Day by Day

Saturday, January 17, 2009

One man's journey

Blogrolling is still down. They got hacked last year around October, and they've been rebuilding things from the ground up while keeping their service going. But they should be back up soon, and when they are, there are some serious additions I need to make to the blogroll.

One of them is Big Hollywood. Because this post alone justifies reading it daily.

I have since met real people who identify as Republicans and even Christians – the religion we are constantly warned (despite plenty of evidence to the contrary) is the worst, most dangerous in the world. I have been in the dreary Catholic church of my partner’s parents. And guess what. I’ve never felt more welcome, even as an openly gay man there with my partner. I have no interest in Catholicism or going to church. And I’m sure underneath, the church folk do not fully approve of how we live. Maybe some do. But newsflash: I don’t have to approve of how they live either. And none of us is killing the other. They are not the enemy.

I have over the past eight years also observed – and experienced the lash of –
an increasing unwillingness by otherwise decent, intelligent people to tolerate points of view that do not adhere to “politically correct” guidelines. In other words, the “talking stick” schtick no longer asks that you merely listen, it demands that you shut up. And you must conform. Just days after Sarah Palin’s powerhouse speech at the Republican National Convention – before Tina Fey had even unleashed her incredible spoof – I attended a business lunch where withering remarks about the newbie candidate went down around the table like well-lined-up dominoes. Palin was already being labeled a “self-parody”; it wasn’t Tina Fey’s fault. When it came my turn to pipe in, I decided to try chivalry, and simply said I liked the lady.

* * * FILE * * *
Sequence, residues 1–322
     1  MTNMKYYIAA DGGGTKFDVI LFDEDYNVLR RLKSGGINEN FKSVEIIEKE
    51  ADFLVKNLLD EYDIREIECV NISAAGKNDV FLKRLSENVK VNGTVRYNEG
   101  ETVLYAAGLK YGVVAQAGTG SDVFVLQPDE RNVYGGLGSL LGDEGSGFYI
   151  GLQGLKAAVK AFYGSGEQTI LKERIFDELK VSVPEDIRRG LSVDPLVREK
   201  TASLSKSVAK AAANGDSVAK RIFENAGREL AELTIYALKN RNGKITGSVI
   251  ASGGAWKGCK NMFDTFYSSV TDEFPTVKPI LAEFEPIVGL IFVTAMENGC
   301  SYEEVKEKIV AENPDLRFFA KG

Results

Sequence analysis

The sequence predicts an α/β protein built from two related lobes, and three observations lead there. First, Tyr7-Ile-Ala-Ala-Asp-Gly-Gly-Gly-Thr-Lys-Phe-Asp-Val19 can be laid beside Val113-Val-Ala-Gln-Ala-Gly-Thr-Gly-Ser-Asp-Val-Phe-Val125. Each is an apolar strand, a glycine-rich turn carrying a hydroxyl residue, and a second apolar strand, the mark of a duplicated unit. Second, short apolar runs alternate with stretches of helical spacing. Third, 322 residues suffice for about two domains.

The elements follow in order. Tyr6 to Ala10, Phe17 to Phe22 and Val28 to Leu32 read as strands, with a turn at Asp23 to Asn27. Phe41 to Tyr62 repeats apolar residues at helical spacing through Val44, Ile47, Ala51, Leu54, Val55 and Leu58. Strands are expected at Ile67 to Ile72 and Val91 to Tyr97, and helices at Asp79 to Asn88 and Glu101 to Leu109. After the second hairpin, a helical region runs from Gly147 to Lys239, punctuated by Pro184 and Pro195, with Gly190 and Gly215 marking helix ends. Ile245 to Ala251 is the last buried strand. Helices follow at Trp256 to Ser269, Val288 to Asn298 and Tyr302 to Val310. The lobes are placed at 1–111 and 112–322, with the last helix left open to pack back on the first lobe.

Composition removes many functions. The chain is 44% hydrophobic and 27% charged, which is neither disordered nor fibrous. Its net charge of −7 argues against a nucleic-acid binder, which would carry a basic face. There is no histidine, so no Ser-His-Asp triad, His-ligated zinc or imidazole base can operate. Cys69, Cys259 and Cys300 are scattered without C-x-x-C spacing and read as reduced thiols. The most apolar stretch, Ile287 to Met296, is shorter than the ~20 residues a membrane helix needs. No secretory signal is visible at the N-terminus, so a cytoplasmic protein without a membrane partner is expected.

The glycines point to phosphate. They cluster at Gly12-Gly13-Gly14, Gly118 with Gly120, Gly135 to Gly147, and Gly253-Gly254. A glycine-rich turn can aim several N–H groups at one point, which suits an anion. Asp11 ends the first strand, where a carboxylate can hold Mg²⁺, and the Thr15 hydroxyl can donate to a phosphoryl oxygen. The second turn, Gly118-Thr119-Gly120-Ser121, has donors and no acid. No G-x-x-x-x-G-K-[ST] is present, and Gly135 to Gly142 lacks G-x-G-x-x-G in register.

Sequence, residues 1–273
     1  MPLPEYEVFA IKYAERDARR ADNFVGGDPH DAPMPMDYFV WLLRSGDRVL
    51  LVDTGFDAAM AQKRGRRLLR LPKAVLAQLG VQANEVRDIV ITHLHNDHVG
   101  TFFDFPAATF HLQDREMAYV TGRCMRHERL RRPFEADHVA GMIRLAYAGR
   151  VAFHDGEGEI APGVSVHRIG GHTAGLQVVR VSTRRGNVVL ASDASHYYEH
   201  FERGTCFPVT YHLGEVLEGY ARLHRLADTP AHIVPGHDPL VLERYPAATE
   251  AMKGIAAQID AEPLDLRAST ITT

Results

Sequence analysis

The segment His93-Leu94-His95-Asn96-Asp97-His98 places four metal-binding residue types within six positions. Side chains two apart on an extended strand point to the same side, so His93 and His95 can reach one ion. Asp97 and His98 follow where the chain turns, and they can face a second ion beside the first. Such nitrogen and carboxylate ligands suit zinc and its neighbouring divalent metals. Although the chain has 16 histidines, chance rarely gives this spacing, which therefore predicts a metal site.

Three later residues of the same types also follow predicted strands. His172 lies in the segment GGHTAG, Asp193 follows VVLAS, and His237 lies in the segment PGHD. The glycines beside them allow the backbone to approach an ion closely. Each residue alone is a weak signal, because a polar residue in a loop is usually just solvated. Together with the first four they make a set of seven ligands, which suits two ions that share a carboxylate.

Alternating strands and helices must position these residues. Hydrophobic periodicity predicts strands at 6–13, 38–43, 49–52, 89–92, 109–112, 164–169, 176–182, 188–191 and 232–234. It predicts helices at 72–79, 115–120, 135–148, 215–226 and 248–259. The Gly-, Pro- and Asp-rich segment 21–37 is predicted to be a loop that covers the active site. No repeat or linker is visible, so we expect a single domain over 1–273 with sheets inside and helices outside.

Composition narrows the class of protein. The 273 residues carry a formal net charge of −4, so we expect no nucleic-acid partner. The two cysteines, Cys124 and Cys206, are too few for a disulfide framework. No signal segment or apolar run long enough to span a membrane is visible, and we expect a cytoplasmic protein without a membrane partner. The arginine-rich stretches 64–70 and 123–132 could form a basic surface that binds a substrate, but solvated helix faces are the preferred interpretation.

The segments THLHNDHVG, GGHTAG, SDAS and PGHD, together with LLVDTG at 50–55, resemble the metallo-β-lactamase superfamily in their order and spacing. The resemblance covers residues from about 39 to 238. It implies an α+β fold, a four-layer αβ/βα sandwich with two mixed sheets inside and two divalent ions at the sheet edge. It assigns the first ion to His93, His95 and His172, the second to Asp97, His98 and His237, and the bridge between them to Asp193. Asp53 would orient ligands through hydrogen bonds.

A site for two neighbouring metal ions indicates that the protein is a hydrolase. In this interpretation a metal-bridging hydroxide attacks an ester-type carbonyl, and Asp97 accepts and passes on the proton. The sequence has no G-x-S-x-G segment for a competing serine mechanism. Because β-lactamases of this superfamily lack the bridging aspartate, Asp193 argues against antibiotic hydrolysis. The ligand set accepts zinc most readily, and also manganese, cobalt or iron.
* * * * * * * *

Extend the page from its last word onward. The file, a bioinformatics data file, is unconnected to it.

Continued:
Silence. Whoops. Party over. Lesson learned: don’t defend the white trash.

Everyone in LA – or NY or SF - should try saying something un-PC in “polite” company. Just to experience the sting. Talk about change: in an instant, you begin to understand how single women in Salem must have felt. Suddenly, you feel naked, exposed, wishing you had Tourette syndrome instead of common sense. After a few such experiences - and they usually involve some degree of verbal abuse - you start thinking twice about speaking your mind. Funny, I thought that was what we were all supposed to be fighting for.

You have got to read the whole thing.

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